Illinois politicians may not be ready for reform, but Gov. Pat Quinn and the head of his reform commission are counting on citizens to push for it.
Quinn and Patrick Collins, chair of the Illinois Reform Commission, which recently issued its report, both spoke before a gathering of citizen groups at Highland Park's Congregation Solel Sunday.
Quinn is hoping to get a reform bill passed by the end of this legislative session on May 31.
"The people of Illinois are sick and tired of reading in the paper about one politician either going to jail or coming home from jail," Quinn said to overwhelming applause. "This is our hour. This is the moment, the populist moment. These next couple of weeks will really define whether or not we the people can achieve reform."
Quinn suggested that if politicians don't pass reform legislation, it is up to the citizens to take control through referendum.
"This is not a sprint," he said. "We're going to have to empower voters, taxpayers at every level."
Collins received a standing ovation for his brief appearance.
"These next two weeks are truly a battle for the soul of Illinois," said the former assistant U.S. attorney.
"We all have short memories," he told the crowd. "It was just a few months ago, in December, when we arrested Gov. Blagojevich. And we had a lot of folks in the legislature saying this is an unprecedented integrity crisis. The question is are we going to have an unprecedented response to the crisis."
He urged the audience to call or e-mail legislators.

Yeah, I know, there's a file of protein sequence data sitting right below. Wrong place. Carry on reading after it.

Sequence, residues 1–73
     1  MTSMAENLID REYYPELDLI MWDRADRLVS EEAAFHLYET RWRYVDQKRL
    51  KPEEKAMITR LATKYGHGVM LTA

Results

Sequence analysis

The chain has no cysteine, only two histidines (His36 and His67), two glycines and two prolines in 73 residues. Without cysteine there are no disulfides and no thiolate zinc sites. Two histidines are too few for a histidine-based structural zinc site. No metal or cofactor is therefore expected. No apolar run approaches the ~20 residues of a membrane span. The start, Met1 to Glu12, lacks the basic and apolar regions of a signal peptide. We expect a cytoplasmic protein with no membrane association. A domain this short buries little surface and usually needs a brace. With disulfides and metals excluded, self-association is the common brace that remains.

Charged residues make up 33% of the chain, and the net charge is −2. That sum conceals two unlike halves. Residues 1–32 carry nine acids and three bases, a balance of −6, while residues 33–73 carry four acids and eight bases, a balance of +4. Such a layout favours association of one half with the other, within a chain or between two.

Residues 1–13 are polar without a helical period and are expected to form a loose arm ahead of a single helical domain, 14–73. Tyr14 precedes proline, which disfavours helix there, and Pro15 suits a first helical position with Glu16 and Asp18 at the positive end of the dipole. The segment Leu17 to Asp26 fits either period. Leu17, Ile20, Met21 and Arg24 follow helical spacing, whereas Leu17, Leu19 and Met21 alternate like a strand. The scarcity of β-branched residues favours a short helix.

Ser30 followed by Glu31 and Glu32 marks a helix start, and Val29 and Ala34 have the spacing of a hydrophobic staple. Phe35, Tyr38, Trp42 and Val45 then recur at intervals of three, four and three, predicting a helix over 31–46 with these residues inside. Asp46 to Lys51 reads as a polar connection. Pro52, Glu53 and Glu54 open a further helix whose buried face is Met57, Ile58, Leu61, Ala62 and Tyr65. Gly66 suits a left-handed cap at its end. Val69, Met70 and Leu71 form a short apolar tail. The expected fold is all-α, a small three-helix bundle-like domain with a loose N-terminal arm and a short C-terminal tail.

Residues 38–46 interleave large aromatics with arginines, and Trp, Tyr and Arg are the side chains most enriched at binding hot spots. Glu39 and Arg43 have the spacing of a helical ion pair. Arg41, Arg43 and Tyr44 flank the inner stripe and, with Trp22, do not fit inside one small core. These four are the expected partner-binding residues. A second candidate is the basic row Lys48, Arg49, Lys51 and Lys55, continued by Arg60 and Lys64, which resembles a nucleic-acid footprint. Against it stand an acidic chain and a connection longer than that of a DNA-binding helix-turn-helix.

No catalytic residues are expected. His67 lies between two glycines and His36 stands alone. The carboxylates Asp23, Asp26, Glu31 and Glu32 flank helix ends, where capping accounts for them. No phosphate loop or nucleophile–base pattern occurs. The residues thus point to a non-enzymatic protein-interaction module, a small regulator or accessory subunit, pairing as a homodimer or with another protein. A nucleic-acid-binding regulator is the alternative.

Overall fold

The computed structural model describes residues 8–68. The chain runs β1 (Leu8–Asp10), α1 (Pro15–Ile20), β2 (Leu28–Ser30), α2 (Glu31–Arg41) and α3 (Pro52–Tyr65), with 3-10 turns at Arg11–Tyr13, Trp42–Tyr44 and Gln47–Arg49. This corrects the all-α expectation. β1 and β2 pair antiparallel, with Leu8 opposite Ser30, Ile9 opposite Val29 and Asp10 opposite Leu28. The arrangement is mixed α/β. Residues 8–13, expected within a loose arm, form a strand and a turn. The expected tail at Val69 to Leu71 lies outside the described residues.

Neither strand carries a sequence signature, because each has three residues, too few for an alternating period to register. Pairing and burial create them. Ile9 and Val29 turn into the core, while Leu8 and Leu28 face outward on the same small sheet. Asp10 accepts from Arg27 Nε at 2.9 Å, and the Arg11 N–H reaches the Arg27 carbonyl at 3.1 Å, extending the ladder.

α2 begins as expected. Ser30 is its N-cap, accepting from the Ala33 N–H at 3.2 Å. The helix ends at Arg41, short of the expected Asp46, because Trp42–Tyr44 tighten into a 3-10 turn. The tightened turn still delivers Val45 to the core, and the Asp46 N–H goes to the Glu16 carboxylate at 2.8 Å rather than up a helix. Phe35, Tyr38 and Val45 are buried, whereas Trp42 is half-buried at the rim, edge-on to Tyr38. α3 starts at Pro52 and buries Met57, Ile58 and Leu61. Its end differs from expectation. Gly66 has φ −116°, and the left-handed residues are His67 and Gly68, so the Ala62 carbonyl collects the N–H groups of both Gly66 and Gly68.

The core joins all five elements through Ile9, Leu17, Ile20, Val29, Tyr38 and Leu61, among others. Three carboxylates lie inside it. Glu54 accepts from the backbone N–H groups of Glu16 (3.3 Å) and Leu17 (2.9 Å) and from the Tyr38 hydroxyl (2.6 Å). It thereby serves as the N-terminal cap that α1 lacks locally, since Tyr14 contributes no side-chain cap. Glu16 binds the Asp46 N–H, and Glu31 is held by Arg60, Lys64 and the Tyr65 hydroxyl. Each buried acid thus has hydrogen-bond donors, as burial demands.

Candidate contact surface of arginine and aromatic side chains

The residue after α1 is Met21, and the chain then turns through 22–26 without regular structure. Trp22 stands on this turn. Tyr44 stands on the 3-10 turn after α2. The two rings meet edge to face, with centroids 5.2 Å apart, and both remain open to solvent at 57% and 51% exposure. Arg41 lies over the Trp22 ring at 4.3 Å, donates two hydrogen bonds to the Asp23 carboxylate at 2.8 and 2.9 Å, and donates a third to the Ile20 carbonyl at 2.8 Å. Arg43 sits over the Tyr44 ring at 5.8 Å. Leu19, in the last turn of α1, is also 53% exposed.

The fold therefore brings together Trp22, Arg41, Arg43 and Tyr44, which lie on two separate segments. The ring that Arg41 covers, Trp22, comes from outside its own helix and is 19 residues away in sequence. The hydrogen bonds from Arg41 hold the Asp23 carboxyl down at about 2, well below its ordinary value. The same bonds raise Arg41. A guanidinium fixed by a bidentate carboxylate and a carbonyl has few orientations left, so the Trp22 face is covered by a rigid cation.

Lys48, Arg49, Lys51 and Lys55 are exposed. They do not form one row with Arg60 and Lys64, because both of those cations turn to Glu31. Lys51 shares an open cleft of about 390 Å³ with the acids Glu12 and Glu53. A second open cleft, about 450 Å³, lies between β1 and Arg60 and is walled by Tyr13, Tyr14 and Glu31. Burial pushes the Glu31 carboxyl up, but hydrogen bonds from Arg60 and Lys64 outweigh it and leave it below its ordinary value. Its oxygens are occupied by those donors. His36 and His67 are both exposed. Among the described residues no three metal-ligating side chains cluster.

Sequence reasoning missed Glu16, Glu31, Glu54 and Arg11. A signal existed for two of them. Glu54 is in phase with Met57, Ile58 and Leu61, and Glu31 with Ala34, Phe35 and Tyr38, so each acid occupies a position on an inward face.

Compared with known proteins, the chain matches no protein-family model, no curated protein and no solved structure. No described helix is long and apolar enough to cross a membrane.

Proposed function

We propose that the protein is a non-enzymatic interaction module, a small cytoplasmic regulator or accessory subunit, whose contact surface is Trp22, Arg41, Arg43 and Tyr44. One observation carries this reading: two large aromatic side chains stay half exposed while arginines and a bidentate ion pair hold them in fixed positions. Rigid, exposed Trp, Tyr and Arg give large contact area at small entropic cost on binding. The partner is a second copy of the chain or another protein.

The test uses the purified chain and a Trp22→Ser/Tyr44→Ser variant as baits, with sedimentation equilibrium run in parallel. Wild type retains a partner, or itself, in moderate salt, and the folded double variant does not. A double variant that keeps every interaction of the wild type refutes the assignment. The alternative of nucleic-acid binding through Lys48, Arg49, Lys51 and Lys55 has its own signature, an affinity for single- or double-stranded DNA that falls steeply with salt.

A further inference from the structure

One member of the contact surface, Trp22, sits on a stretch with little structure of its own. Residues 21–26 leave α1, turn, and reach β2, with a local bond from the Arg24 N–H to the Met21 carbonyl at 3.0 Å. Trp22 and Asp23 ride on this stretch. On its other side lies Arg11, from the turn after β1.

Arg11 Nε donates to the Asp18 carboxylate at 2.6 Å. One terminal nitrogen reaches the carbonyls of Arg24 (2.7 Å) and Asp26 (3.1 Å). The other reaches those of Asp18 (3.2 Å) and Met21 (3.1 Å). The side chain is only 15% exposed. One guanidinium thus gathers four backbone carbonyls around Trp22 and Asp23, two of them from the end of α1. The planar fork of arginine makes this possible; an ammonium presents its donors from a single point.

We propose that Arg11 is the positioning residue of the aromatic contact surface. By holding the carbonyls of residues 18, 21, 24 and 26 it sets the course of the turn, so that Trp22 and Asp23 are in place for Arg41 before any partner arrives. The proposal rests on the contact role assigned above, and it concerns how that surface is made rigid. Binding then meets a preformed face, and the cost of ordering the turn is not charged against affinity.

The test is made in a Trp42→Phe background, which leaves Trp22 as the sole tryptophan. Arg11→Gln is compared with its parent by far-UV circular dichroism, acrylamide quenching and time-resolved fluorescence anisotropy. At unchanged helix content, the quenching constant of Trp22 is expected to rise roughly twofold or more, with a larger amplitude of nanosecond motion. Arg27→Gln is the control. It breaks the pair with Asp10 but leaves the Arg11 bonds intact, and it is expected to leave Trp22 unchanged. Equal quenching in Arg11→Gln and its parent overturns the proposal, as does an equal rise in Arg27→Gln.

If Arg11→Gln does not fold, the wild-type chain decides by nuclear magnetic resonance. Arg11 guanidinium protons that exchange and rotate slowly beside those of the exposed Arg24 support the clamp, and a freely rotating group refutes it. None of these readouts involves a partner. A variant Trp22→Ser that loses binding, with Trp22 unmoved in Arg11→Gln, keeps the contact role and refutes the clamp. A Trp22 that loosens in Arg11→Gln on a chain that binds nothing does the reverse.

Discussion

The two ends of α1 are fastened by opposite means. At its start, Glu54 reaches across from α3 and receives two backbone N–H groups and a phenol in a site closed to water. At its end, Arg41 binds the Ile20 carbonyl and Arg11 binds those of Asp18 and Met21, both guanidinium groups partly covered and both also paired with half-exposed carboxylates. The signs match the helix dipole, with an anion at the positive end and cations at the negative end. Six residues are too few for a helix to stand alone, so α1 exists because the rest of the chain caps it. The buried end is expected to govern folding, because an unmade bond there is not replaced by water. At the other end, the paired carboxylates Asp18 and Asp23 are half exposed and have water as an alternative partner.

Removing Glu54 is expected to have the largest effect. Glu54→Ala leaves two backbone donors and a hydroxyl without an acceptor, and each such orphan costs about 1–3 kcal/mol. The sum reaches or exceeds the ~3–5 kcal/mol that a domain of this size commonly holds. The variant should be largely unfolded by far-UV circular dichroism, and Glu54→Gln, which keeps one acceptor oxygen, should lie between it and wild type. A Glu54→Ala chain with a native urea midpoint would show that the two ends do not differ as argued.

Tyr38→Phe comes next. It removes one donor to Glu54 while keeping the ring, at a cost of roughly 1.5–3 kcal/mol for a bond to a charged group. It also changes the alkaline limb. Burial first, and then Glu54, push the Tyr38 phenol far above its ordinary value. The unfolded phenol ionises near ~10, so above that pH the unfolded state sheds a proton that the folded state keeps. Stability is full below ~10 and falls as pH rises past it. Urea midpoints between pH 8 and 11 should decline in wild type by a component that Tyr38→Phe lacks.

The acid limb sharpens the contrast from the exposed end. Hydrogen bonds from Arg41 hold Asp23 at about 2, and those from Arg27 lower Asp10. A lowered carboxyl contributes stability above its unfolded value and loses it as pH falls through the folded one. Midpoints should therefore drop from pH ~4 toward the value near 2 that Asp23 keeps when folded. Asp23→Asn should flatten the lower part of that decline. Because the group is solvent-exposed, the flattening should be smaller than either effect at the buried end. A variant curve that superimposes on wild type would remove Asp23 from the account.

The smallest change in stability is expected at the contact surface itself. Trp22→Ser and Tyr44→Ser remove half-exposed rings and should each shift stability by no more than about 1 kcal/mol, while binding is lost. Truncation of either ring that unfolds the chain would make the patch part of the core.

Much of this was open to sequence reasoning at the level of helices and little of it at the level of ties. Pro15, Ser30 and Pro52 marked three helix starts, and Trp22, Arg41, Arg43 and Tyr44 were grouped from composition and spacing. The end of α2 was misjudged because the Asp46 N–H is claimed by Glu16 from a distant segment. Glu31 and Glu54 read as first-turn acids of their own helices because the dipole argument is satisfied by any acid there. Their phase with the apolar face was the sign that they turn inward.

Later, Collins said of the six topics covered in his commission's report, legislation on three has been submitted to the leaders. The remaining three should be covered in the next day or two. "We have had all sorts of interaction with Senate President Cullerton and the LRB (Legislative Reference Bureau), which writes the bills.
"Our job was to put ideas together, and then we were told to put them in the bill, and so we have done that through LRB."
Quinn said he believes progress is being made toward reform of the procurement process - how government purchases goods and services - and freedom of information reform.
However, he said, "Campaign finance may be a lot tougher."
He said he is pushing for public financing and making another stab at a recall provision.
Quinn said the state should take a careful look at public financing for the campaigns for governor and lieutenant governor. The issue, he said, came up a quarter of a century ago, when it was proposed by former state Sen. Dawn Clark Netsch, who sponsored a bill in the Illinois Senate. The money would have come from wrongdoers in the form of a surcharge on fines He said it passed through the Senate and went to the house where current House Speaker Michael Madigan sponsored it. It was halted, however, by then-Gov. James Thompson. "I hope we can rectify his mistake and clean up campaign financing."
Quinn also addressed other issues, declaring his support for public charter schools, which also received an ovation.
He also defended his support of an income tax hike, noting that when the Illinois income tax began 40 years ago, each person was eligible for a $1,000 exemption. That, however, was only raised once, to $2,000, he said. As a result, more of the tax burden has fallen on the working poor. He said his proposal would tax those who have the ability to pay it by raising the personal exemption, offering credits and providing property tax relief.